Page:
Jackson is a leader in the Danville Chapter of Virginia Organizing and a member of Virginia Organizing’s State Governing Board.
As we approach the July 4th holiday, the U. S. Senate is about to vote on an important piece of legislation that affects tens of millions of Americans’ lives every day. The Senate plans to bring the farm bill to the floor before the Congressional recess coming up next week. That bill includes SNAP (Supplemental Nutrition Assistance Program) — the nation’s biggest anti-hunger program that provides food assistance to more than 40 million Americans including 776,000 in Virginia.
The Senate’s more moderate, bipartisan legislation protects benefits, increases efficiency and so far does not include amendments that would condemn certain groups of people to hunger. A lifetime ban on food stamps for returning citizens — who already face huge barriers in employment, housing and healthcare as they return to communities and try to rebuild their lives — undermines rehabilitation and is contrary to the bipartisan spirit of SNAP.
I know from personal experience how hard it is to get back on your feet after spending time in prison. When I returned to Danville, it was hard to find work. Thanks to my family and my community, I made it through. The last thing returning citizens need is more punishment once they’re released and that’s all the House bill does — punish people for no good reason.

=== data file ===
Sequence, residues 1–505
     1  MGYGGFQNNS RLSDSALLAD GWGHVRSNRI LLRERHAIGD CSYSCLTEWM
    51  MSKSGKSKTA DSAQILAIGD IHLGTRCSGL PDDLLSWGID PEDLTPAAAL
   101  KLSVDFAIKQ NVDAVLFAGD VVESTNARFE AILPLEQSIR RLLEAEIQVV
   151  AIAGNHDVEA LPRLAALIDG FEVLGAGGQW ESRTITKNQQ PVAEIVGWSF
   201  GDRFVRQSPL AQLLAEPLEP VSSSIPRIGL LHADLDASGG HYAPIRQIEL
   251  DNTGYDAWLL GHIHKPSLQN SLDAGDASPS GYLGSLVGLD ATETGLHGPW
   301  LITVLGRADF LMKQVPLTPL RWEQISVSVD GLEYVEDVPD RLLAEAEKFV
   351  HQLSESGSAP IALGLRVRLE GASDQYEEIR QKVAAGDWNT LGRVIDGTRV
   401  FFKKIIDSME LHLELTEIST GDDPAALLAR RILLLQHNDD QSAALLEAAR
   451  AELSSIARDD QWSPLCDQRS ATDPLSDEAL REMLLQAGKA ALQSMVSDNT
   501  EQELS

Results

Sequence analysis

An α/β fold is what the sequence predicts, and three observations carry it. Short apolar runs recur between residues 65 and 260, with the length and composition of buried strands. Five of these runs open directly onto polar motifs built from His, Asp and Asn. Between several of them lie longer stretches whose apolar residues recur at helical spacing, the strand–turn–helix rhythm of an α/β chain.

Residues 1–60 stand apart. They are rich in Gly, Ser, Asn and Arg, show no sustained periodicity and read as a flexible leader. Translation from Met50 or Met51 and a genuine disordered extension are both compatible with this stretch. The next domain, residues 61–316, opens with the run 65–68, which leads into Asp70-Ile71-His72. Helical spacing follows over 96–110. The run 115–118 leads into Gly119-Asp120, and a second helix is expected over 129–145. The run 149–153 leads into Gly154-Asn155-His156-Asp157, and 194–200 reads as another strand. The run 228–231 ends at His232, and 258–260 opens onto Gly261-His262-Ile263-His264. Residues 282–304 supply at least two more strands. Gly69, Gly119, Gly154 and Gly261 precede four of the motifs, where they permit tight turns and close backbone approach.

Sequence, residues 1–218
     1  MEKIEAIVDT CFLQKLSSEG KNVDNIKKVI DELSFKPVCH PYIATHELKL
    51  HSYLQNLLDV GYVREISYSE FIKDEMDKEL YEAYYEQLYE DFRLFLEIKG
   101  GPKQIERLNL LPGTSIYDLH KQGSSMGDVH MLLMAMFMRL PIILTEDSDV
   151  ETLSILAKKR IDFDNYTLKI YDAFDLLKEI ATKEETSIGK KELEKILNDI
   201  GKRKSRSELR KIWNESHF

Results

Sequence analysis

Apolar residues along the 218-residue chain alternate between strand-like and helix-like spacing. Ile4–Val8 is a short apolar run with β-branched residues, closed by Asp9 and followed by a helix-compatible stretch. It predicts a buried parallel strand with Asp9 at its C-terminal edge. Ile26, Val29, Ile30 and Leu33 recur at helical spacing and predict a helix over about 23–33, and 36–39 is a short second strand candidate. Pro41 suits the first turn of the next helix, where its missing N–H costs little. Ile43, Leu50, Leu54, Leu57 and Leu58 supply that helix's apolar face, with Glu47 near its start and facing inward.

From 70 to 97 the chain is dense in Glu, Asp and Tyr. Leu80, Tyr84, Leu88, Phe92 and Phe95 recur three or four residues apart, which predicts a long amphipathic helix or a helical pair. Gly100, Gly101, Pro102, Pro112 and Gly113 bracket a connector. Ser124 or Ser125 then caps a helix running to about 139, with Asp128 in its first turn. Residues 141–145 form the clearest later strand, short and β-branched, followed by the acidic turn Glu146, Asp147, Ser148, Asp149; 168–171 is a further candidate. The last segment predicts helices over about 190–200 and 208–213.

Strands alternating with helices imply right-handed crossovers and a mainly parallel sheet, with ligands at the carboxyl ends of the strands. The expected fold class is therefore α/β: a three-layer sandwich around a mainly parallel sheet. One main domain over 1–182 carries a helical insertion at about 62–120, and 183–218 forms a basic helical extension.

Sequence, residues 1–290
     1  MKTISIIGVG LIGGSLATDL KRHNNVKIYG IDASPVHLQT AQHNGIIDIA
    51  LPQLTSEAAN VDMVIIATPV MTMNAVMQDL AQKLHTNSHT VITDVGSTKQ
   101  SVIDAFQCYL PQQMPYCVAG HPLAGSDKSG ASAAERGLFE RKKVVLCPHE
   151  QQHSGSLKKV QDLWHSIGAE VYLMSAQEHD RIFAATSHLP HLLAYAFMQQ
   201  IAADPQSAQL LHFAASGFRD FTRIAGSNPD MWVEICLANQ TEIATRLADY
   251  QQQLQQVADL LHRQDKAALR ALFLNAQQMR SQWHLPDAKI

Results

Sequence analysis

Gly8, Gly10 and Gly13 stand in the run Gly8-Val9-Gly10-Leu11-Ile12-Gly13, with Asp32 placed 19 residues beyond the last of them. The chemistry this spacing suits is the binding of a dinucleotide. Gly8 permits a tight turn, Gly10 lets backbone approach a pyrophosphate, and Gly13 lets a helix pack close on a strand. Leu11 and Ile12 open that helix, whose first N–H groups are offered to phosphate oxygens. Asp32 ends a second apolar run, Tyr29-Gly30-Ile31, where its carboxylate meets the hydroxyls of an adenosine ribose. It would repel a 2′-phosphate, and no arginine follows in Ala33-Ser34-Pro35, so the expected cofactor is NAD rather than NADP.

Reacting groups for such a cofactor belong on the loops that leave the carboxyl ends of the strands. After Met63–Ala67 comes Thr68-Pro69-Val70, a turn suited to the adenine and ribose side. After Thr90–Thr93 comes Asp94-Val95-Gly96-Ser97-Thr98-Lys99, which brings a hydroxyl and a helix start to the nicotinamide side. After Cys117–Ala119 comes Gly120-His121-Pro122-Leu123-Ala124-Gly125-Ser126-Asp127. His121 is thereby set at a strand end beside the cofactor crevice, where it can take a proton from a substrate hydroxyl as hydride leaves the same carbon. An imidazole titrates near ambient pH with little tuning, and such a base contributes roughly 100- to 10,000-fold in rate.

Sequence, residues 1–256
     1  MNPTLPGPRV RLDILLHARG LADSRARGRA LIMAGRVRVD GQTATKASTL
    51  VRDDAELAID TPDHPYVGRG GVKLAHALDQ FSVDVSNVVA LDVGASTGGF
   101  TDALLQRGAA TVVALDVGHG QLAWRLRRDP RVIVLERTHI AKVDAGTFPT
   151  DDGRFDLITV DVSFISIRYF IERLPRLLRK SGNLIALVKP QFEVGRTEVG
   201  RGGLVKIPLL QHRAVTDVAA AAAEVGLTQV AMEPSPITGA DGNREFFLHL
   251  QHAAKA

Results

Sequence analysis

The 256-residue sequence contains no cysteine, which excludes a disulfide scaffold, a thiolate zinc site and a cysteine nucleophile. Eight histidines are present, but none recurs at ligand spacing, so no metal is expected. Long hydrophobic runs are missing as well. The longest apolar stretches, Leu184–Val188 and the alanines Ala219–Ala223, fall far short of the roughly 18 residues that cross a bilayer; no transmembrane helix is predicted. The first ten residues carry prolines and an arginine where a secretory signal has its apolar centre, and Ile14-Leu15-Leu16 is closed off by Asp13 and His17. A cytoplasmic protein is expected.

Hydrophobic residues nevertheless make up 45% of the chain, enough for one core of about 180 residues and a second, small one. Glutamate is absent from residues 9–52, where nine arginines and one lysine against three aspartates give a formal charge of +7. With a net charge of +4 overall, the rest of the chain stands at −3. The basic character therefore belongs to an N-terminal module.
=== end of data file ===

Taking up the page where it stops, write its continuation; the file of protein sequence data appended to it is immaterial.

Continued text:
The Holding Amendment in the House bill also impacts the families of formerly incarcerated people by potentially lowering their eligibility for SNAP assistance. Although the returning citizen can no longer get SNAP, their income is still counted toward the household income in determining benefits, potentially taking benefits from the rest of the family including their children.
People who have been incarcerated, served their time, and met the terms of their punishment should be treated fairly, not condemned for rest of their lives for a crime they already paid for. As we contemplate freedom and independence this July 4th, we should all take a moment to contact our Senators and urge them to reject these kinds of attacks on people who are struggling to make the most of a second chance and get on their feet.
Whether it’s returning citizens, single parents, people older than 50, or people with disabilities, lawmakers should avoid adding measures to the Senate bill that target, exclude or punish some people by taking away food because of their background, the number of hours or kind of job they have or the age of their children.
Instead, they should hold firm to the original purpose of SNAP — to provide basic support to people who need it at critical moments to get back on their feet and take care of their families.